(Originally started 12th December 2013).
Days before I came to Juba, I was under a whole lot of fear.
I was having a bad case of 'fear of the unknown'. I did not know what to expect on my first trip to my own country. I did not know how I would be treated, if I would fit in, if I would feel comfortable with the languages, the local behaviour and customs etc.
The fear was there and it even came with a little bit of sadness. I was terrified out of my mind and expressed this to a few loved ones; some really tried to comfort me.
Other loved ones/friends gave me some tips and advice. For months I've been told by anyone who has been to Juba that,
1) it is a wonderful, great city, etc.2) keep an open mind if you go. Your experience will be different to the next person's.
I'm glad I have come here and actually made my own judgments and decisions so far; something that would have been fair for me to do any way.
My fear came out of a place of wanting to belong. For so long I have expressed much love for Africa, some kind of knowledge on the continent's rich history and the continuing neo-colonial presence. But there's a big difference between reading and educating on Africa and actually coming here to see everything for yourself; reality sets in and pretty much all your ideals of what can become of the continent takes a back seat.
My fear was elevated when I arrived. I stood out like a sore thumb (it could have been because I was wearing a hoodie in 40 degrees Celsius weather when I first arrived...).
The airport was just chaotic but luckily I was too tired to be expressively fearful.
From the airport to my cousin's house on the outskirts of the city, the fear came out little by little in the form of awkward laughs and consistent staring from the car windows.
I just couldn't believe I was here and I was seeing/experiencing the things I did.
On day one I even asked myself, 'why am I here?'.
I've always lead a very comfortable existence. Every place I've been have always been somewhat relatable to the UK or Netherlands. But this was so new for me. The air I was breathing, the languages I was hearing, the things I was seeing. Day One was overwhelming for someone like me to the point where I just went out with my cousin immediately because I was too shocked to sleep and recover from my long-haul flight.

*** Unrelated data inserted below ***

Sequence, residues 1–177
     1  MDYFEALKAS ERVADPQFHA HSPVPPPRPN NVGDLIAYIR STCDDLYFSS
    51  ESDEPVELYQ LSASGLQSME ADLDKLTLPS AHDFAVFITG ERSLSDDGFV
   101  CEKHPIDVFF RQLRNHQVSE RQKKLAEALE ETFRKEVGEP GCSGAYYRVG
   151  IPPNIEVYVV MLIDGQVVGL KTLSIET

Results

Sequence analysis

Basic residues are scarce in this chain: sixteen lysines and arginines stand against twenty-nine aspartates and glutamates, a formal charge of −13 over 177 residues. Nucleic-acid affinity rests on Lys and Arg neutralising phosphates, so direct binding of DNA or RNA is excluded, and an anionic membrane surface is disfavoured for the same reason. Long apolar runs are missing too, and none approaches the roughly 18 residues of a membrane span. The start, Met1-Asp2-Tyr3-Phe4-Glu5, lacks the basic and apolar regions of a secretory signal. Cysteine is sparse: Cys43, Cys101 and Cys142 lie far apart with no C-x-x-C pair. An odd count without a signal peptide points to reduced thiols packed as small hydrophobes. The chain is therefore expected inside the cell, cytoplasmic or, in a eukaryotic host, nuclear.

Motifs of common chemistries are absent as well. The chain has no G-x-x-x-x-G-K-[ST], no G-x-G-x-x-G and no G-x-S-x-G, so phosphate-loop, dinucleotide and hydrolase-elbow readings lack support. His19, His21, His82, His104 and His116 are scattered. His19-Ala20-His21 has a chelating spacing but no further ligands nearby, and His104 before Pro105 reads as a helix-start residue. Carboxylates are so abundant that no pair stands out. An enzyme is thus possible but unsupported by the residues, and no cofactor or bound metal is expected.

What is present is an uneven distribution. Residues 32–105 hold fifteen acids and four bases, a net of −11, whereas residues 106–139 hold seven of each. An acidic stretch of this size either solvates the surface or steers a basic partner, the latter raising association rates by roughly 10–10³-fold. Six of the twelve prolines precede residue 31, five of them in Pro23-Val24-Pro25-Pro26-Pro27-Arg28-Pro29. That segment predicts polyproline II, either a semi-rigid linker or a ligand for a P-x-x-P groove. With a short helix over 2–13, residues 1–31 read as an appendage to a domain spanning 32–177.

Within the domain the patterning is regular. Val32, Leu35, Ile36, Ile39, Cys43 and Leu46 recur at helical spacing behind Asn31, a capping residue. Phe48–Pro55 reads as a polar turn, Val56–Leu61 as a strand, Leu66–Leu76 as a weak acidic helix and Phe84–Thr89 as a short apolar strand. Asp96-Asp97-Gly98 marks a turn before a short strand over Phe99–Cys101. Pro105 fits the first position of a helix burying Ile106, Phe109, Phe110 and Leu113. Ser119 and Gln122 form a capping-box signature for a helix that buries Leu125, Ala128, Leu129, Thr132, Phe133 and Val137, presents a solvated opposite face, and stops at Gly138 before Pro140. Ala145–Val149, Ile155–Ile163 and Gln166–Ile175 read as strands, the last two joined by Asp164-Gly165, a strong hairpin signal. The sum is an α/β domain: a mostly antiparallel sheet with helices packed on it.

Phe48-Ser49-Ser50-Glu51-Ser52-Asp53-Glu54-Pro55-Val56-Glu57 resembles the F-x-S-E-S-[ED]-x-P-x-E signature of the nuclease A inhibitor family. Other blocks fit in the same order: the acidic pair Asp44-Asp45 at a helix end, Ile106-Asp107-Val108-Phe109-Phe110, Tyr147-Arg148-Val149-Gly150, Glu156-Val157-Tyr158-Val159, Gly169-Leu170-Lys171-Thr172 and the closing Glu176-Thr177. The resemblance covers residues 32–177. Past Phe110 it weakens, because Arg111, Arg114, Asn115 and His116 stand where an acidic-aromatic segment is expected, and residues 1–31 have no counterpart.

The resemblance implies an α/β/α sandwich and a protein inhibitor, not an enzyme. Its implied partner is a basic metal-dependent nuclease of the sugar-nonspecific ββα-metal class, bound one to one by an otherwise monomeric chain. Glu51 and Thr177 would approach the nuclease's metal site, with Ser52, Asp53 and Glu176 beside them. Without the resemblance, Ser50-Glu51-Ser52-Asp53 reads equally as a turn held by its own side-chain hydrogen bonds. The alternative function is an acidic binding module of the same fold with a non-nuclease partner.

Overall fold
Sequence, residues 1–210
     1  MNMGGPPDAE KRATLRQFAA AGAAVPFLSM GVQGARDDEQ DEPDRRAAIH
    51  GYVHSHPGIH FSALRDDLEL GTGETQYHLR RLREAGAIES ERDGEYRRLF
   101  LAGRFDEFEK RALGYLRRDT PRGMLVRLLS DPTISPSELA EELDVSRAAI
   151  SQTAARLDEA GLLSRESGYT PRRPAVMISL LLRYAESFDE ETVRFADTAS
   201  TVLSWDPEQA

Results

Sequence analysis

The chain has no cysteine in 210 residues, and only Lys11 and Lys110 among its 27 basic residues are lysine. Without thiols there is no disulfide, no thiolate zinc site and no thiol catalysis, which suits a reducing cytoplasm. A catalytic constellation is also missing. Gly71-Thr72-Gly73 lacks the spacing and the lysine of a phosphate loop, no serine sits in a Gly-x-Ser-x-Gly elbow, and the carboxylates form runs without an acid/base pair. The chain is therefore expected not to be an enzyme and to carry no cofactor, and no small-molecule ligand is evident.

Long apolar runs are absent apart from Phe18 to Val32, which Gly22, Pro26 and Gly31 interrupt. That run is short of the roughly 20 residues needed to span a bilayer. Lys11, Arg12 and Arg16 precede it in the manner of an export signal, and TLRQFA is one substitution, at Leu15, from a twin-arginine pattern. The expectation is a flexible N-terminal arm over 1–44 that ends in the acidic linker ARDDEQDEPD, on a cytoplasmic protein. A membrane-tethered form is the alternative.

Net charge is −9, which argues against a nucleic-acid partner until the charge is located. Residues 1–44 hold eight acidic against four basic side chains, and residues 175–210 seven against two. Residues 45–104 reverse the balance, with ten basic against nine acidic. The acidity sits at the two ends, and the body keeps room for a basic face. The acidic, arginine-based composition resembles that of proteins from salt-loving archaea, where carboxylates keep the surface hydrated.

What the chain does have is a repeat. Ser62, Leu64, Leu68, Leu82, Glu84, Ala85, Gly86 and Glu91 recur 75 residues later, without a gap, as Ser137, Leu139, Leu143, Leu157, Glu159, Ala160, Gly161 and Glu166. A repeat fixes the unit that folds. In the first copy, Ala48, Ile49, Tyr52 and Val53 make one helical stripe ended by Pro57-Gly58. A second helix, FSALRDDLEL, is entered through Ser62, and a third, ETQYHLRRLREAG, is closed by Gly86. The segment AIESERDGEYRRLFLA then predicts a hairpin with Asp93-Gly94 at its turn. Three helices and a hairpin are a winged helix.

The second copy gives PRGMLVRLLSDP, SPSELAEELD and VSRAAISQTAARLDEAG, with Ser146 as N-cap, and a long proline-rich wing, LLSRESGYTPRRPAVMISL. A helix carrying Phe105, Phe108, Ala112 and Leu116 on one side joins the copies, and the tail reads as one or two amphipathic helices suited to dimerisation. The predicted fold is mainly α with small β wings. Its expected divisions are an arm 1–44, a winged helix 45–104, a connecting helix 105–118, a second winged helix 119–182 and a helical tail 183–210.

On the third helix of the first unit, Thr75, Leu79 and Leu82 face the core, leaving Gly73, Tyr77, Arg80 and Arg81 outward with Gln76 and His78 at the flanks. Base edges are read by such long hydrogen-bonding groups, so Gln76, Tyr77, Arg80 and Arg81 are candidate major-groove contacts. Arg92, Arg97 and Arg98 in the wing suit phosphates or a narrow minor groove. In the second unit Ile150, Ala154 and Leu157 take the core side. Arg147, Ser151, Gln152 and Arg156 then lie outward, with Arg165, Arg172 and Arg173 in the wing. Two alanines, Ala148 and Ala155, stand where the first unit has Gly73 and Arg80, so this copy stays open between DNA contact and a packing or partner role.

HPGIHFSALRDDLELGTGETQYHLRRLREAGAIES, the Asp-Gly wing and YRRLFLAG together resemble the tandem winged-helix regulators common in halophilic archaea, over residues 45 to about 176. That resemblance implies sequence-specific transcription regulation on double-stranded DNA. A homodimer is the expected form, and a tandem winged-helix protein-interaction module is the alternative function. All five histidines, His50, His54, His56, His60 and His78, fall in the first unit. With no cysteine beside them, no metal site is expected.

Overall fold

I had to get used to the constant stares. I felt like people were peering into my soul from the moment they began to set eyes on me.
My cousin funnily told me that, 'if a guy likes you, he just stares'. And her dad told her that.
Funnily enough I just think people stare because people appear to be pretty brazen about things. Which is ok and quite funny.
It's now Day Four and I'm still a little fearful of walking down the streets of Juba because of the stares. The 'fear' I had was not the same kind of fear I had before I came home, it was rather mild and more superficial.
I've been told that I will grow accustomed to the stares so the fear of stepping outside on my own or even with someone else will slightly go away. Looking like fresh meat is not the way to go if you want to blend in amongst your people.
It is Day Ten and I have to say I have grown accustomed to my concerns. My fear of not being able to fit in has pretty much dissipated. I have familiarised myself with the unknown. Most importantly, I have decided/concluded that,
1) fitting in should never be the sole aim of any one person in any area of life,2) I pride myself on being unique and that is what I need to carry with me wherever I go,3) people in Juba aren't that different from myself!
To conclude, feel fear, analyse it, try and rationalise it. But don't let it consume you or stop you having a good time.